A while back, we posted about “summer sisters” and the friendships that are formed at camp. Friendship is the number one reason campers love Bryn Mawr and come back summer after summer, but it’s only part of the picture. Seven-week camping — particularly in a girls-only atmosphere — offers a huge range of opportunities, advantages, and experiences campers just couldn’t have in any other setting.
We always like to say that “a day at camp is like a week in the real world.” That’s because we pack more into a single day than could ever fit into one 24-hour period back home. In one single day, a camper can literally go from the pool to the climbing wall to the riding ring to a tennis lesson to a soccer game to a play rehearsal, all before dinner, and then fit in a game of tennis at campus time before performing in an all-camp talent show. Multiply that by seven days a week, and then by seven weeks, and you can start to see just how much instruction and activity we pack into every summer at camp.
A seven-week session gives campers the opportunity to make incredible strides in skill development. Camp alone can’t make your child a great dancer, soccer player, rider, actor, artist or gymnast, but we do provide high-level instruction on a daily basis to help her learn, grow and build lifelong skills in all the activities she enjoys. Younger campers experience a taste of everything camp has to offer, and as girls get older they can choose to spend more time focusing on and improving in the activities they enjoy the most.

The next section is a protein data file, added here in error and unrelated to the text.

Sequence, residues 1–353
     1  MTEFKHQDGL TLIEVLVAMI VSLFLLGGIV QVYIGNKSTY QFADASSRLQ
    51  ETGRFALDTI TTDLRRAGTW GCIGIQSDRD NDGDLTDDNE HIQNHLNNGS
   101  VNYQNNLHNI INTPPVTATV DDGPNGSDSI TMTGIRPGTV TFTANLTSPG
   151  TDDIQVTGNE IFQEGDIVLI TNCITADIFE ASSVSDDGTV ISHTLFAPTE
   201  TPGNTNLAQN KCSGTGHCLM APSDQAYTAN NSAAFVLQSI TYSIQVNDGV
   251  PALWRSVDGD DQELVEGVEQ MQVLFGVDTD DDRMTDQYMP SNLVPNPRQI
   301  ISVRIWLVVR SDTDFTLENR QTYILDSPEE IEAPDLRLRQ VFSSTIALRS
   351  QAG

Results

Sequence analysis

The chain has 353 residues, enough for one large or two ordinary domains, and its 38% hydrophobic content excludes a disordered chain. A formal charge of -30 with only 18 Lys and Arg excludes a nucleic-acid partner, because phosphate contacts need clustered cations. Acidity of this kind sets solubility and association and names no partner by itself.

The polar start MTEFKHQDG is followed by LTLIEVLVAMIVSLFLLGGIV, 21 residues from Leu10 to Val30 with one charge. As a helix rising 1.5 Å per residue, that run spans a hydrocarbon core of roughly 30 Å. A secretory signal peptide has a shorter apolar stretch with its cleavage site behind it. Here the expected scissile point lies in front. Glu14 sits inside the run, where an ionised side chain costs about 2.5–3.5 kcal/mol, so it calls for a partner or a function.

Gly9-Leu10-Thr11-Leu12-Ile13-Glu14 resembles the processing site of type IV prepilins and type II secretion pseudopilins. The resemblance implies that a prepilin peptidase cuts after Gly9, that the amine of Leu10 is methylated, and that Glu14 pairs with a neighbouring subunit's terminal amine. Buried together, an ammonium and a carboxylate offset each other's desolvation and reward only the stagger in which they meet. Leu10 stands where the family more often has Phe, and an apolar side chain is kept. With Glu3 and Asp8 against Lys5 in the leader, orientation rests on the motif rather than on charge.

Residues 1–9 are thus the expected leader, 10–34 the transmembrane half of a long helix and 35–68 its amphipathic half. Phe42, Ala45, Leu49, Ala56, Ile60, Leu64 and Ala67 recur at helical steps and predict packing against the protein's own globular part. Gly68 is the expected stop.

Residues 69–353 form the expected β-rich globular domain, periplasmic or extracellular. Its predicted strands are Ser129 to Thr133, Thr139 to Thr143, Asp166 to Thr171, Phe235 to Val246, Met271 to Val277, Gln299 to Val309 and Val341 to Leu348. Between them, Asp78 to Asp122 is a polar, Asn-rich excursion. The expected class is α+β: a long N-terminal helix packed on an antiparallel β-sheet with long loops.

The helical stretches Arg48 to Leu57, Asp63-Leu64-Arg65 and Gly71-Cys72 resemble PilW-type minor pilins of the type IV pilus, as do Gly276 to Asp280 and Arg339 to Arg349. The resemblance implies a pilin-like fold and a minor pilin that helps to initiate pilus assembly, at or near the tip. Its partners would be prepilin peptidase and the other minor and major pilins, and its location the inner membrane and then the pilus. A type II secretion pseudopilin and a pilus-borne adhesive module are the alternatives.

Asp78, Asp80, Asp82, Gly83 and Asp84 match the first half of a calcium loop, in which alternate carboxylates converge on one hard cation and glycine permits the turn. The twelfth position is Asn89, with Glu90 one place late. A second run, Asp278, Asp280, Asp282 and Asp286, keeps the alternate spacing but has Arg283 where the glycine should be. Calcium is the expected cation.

Seven-week sessions also let campers see long-term projects through from beginning to end. In our glass fusing program, for example, campers start out at the beginning of the summer with a blank piece of paper and a pencil; over the course of seven weeks, those projects go all the way from an idea and a sketch to a fully-realized, completed work of art. And at the same time, they’re also improving their jump shots, perfecting their serves, and taking first steps toward learning completely new activities, like weight training, field hockey or stagecraft.
We think there’s something particularly special about single-sex camps that helps amplify all the benefits of full-season camping. One of the best things about Bryn Mawr is that, in the all-girls environment, campers feel completely comfortable and free to try new things. The camp uniform policy means campers aren’t wrapped up in appearances, and with no boys around, the focus is really on camp activities. When girls aren’t worried about impressing anyone else, they’re much less reluctant to try something new, and consequently they’re far more willing to take on new experiences. That willingness to try new things translates quickly to building new skills, learning new activities — and taking advantage of all the opportunities they’re offered, all summer long.
Most of all (and we just can’t say this enough), a seven-week, all-girls environment is an incubator for lifelong friendships. Campers are encouraged to compete in healthy ways — not over clothes or boys, but on the playing field, with good sportsmanship (or should we say sportswomanship?) — and, after the game is over, they walk back to their cabins with their arms around each other, confident in themselves and in friendships that have formed over many games, many meals, many shared achievements, and many, many days at camp. Our campers talk about “living ten months for two” — spending the year waiting to get back to their summer home at Bryn Mawr, where they can grow and try new things, surrounded by staff and fellow campers they know want them to succeed and feel good about themselves.